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Here's How Road Warriors Can Win Their Struggle to Stay Healthy Coming home from business trips no worse for wear is as basic as food, sleep and hitting the hotel gym.

By Rob Connors Edited by Dan Bova

Opinions expressed by Entrepreneur contributors are their own.

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Staying healthy while traveling can be challenging, but it's certainly not impossible. And with technology advancing rapidly, it's getting easier all the time.

Still, many people haven't given much thought to how they can avoid the ravages the road can inflict on their bodies. So allow me to offer some tips, gathered from two decades of travel experience. They fall into three basic categories: sleep, food and exercise.

Sleep.

I know I sound like your mother, but you know what? She was right. Sleep is the foundation of everything else.

Time zone changes, unplanned naps during your flight and late dinners with clients can affect your sleep patterns. So to help me get to sleep in my hotel room, I often take melatonin, a natural and effective sleep aid. But before I climb in bed, I take two other key steps.

Related: 6 Ways to Curb Jet Lag and Travel Fatigue

First, I set my alarm and call the front desk to set up a wake-up call. That way I feel confident that, one way or the other, I'm going to be awakened when I need to be, so I don't have to wake up every hour just to check the clock.

Second, I make sure the windows are completely covered by the curtains so the early morning sun won't disturb me. When necessary, I use the clips from the closet hangers to close up gaps.

And, by the way, you won't catch me working on my computer in bed, or even in my hotel room at night. Nothing more clearly tells your brain not to relax than opening your email. Go to sleep. Get up a little earlier in the morning instead, and check your email then.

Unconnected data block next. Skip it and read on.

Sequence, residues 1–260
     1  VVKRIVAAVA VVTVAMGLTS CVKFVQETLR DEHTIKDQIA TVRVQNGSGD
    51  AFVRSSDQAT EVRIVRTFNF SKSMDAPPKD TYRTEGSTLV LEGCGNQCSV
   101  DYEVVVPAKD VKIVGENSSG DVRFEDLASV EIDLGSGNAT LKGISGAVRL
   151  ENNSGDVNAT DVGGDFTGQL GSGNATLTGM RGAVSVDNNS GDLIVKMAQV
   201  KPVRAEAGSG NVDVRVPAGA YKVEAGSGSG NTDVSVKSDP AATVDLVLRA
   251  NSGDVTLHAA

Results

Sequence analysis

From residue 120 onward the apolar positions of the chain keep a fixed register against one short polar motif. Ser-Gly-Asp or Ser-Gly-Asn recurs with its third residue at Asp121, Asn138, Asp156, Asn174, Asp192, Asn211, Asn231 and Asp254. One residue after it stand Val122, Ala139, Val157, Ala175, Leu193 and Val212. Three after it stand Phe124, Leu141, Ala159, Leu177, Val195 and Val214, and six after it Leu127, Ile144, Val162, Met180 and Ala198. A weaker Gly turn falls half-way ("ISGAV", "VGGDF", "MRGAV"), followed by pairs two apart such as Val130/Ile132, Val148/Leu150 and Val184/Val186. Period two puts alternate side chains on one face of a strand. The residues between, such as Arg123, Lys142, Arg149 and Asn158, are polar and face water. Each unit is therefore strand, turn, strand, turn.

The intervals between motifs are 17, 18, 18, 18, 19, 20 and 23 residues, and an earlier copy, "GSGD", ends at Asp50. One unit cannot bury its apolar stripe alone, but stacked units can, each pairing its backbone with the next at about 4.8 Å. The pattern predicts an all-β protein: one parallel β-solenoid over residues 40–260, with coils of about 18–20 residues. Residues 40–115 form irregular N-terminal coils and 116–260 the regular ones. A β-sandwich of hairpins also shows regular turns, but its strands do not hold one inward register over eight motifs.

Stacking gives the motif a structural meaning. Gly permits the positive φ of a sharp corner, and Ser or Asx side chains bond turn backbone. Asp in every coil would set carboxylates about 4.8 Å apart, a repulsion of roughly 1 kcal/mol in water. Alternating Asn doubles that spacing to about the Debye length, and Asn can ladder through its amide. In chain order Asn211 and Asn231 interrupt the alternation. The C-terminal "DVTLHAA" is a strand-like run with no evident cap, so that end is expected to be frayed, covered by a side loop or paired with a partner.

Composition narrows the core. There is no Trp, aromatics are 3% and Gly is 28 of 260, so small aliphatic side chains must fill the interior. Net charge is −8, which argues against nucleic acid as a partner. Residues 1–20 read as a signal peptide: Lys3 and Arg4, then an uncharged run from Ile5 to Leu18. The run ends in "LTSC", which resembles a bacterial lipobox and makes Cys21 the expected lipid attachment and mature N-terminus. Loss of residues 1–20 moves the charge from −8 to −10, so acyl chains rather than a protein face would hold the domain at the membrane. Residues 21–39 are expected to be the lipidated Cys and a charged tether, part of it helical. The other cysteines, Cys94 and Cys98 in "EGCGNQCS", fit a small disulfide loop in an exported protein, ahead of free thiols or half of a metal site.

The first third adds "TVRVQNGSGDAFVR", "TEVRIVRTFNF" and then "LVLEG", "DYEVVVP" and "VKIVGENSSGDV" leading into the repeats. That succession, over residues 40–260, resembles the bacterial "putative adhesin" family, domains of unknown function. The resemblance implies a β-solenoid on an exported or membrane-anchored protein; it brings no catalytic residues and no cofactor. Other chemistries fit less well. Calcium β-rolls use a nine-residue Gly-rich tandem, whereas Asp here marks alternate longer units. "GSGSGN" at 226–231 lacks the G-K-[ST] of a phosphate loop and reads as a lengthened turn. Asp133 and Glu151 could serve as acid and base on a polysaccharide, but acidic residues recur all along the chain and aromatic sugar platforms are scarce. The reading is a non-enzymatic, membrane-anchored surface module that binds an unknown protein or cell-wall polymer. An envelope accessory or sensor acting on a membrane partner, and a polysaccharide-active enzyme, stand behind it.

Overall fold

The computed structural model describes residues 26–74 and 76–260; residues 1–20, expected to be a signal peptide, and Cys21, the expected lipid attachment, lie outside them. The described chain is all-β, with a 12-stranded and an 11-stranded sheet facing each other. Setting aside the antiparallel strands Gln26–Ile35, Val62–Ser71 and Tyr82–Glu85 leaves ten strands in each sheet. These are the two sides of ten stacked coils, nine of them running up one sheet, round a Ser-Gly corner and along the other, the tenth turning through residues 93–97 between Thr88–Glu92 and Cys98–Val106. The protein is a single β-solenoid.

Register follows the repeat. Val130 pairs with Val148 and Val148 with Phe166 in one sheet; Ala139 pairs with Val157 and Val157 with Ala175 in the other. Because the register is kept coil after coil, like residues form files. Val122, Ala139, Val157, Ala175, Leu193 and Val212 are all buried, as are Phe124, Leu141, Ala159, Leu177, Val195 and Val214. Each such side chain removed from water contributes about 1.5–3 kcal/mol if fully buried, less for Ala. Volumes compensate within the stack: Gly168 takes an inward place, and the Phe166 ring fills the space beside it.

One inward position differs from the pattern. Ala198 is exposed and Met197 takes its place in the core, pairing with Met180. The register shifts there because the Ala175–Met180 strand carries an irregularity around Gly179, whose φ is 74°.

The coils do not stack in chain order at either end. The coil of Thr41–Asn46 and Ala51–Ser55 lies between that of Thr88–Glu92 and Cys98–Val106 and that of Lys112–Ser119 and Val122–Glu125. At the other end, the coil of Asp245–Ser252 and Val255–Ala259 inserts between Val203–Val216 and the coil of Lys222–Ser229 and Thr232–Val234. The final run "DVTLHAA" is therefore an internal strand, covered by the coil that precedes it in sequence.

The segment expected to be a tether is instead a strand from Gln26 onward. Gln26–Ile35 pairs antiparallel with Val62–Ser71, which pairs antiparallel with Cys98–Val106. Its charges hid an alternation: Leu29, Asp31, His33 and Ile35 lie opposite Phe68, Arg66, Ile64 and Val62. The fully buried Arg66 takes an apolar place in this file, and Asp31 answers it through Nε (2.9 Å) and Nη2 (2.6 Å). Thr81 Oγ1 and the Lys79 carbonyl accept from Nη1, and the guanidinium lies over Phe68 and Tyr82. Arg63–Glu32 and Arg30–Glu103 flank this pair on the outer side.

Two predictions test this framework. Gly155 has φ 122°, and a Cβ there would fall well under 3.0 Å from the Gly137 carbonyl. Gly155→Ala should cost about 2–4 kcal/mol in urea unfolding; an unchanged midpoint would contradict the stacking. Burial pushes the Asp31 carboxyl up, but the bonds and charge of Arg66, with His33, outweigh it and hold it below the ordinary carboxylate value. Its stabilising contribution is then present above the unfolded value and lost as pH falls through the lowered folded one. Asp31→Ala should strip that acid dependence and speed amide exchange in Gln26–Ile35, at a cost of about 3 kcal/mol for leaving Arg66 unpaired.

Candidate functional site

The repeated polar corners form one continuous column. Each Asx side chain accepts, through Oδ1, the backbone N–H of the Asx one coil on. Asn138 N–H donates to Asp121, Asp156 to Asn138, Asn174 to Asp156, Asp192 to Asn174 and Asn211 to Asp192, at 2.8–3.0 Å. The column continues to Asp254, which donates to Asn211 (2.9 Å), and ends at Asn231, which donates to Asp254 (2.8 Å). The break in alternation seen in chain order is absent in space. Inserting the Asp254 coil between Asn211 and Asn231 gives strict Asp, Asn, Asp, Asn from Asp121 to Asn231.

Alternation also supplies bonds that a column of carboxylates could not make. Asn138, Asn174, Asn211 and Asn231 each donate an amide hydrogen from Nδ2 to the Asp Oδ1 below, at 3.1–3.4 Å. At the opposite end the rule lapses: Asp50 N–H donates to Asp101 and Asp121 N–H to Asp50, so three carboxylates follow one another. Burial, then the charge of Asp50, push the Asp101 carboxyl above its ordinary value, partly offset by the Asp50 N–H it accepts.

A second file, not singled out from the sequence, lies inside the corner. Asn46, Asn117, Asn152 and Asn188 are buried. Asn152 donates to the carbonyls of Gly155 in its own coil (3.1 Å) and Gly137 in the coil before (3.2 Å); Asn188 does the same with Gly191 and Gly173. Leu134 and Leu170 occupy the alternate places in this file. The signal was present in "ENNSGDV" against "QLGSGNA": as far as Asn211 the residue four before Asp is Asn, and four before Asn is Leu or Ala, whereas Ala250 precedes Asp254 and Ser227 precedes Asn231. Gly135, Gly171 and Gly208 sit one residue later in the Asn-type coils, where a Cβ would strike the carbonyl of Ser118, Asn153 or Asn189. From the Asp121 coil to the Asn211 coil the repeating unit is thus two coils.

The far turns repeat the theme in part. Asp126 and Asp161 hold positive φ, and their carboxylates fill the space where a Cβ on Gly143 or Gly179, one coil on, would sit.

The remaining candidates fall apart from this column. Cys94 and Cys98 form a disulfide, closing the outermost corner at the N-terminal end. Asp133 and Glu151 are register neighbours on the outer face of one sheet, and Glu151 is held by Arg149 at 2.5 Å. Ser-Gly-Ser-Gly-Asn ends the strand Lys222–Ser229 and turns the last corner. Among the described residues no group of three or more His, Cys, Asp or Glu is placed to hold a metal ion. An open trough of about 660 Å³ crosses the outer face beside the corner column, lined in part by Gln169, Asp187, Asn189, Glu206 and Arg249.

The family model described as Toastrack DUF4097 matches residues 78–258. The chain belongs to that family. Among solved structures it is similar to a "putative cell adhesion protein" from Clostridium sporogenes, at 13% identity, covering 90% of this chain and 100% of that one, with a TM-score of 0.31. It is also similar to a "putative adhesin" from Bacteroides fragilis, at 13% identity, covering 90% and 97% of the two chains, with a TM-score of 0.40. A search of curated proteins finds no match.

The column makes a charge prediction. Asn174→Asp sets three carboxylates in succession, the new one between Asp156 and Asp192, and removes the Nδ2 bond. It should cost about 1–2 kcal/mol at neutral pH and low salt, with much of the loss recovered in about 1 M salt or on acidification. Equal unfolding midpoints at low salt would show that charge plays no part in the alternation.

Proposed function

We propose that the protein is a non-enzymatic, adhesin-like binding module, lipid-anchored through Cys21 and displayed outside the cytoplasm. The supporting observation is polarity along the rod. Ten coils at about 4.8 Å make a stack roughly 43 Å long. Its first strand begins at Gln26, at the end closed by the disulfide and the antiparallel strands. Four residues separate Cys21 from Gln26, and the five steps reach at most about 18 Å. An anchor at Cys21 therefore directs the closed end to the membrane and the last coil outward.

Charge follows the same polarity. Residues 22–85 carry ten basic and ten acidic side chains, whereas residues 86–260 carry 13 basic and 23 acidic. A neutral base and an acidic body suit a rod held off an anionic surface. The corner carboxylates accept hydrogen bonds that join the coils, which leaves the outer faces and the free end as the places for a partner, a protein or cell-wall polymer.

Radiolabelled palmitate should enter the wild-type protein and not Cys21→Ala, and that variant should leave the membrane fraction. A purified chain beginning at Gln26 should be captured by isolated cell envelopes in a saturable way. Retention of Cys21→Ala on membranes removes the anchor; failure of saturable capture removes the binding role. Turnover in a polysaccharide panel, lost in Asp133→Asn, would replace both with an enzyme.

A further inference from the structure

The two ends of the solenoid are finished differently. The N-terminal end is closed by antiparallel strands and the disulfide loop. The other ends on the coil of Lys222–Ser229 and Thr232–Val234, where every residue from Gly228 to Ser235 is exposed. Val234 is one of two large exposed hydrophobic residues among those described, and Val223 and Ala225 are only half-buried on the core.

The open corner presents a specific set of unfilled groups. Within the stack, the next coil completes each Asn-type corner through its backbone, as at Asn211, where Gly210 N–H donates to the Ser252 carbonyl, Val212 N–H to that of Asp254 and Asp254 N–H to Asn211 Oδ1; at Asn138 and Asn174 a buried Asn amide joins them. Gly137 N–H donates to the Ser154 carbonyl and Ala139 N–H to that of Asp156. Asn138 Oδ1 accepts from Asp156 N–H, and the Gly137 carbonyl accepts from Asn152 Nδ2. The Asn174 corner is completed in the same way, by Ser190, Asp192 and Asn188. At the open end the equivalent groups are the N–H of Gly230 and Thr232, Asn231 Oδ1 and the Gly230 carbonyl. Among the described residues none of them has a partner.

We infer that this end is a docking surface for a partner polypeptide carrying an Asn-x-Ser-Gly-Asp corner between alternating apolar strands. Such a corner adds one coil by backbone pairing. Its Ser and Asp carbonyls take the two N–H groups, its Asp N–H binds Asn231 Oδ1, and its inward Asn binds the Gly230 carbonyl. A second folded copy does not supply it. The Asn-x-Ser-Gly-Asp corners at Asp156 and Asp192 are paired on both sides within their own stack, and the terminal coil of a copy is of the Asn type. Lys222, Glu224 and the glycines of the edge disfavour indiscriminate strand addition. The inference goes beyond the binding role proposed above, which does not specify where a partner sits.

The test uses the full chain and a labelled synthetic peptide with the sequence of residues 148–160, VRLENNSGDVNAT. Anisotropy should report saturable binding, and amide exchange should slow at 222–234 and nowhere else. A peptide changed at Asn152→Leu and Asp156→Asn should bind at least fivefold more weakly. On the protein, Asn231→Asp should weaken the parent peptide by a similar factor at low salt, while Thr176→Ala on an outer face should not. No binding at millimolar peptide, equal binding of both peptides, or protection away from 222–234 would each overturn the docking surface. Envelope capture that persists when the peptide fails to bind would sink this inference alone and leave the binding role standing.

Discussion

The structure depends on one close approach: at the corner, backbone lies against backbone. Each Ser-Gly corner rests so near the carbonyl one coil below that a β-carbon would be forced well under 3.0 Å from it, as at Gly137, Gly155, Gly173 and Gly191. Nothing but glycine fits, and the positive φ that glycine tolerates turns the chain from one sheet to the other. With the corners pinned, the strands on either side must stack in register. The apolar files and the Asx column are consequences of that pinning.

Food.

Before you board your plane, pick up a bag of almonds or trail mix -- enough to last a few days -- so that when you get the munchies, you won't hit the potato chips or candy bars. When you arrive at your hotel, help yourself to the free fruit that many set out these days.

If you have any say about where you'll be eating dinner, do a little research to find out where the local foodies go for healthy dining. And even if you don't have a voice in that decision, remember that most restaurants offer a lot of healthy options. Ask for your chicken grilled, not fried. Skip the bread. Order an extra side of vegetables. Pass on dessert.

Exercise.

Most hotels have gyms now, but before you reserve your room, confirm that the hours of operation will accommodate your schedule. If you don't want to use the gym, exercise in your room with the help of one of the myriad smartphone apps or YouTube exercise videos available.

Related: 7 Reasons Every Entrepreneur Should Start the Day With Exercise

Or, after getting a little guidance from the concierge, go for a walk or jog -- great ways to get to know a little about the city you're visiting. And don't cheat yourself. Book your exercise time into your Outlook or Google calendar before you leave, and keep that appointment with yourself.

Here's another way to keep things interesting: Try a different workout in each different city. For example, do yoga in Chicago, Zumba in St. Louis and spinning in New York. You'll not only keep fit, but also you'll get out more and to gain a new perspective on the city you're visiting.

Also, if you're traveling through Chicago O'Hare International Airport, Minneapolis-St. Paul International Airport or another international airport with exercise facilities, arrive at the airport early or take advantage of your layover to squeeze in a workout.

I know that sometimes it's not possible to do all these things, that sometimes travel schedules are too brutal or that your day can careen out of control. But I've found that more often than not, I'm able to employ some or all of these tactics.

Related: 5 Ways to De-Stress Your Business Travel

And they do help. See for yourself.

Rob Connors

VP of Brand Marketing for National Car Rental

Rob Connors, vice president of brand marketing for National Car Rental, has traveled all 50 states. A former “road warrior” who can pack a bag in three minutes, Connors once held elite-level status on two airlines in the same year. He once taught himself to juggle in his hotel room to relieve workday stress. Connors, who has worked in the travel industry for 20 years, drives the marketing strategy for the National Car Rental and Alamo Rent A Car brands.

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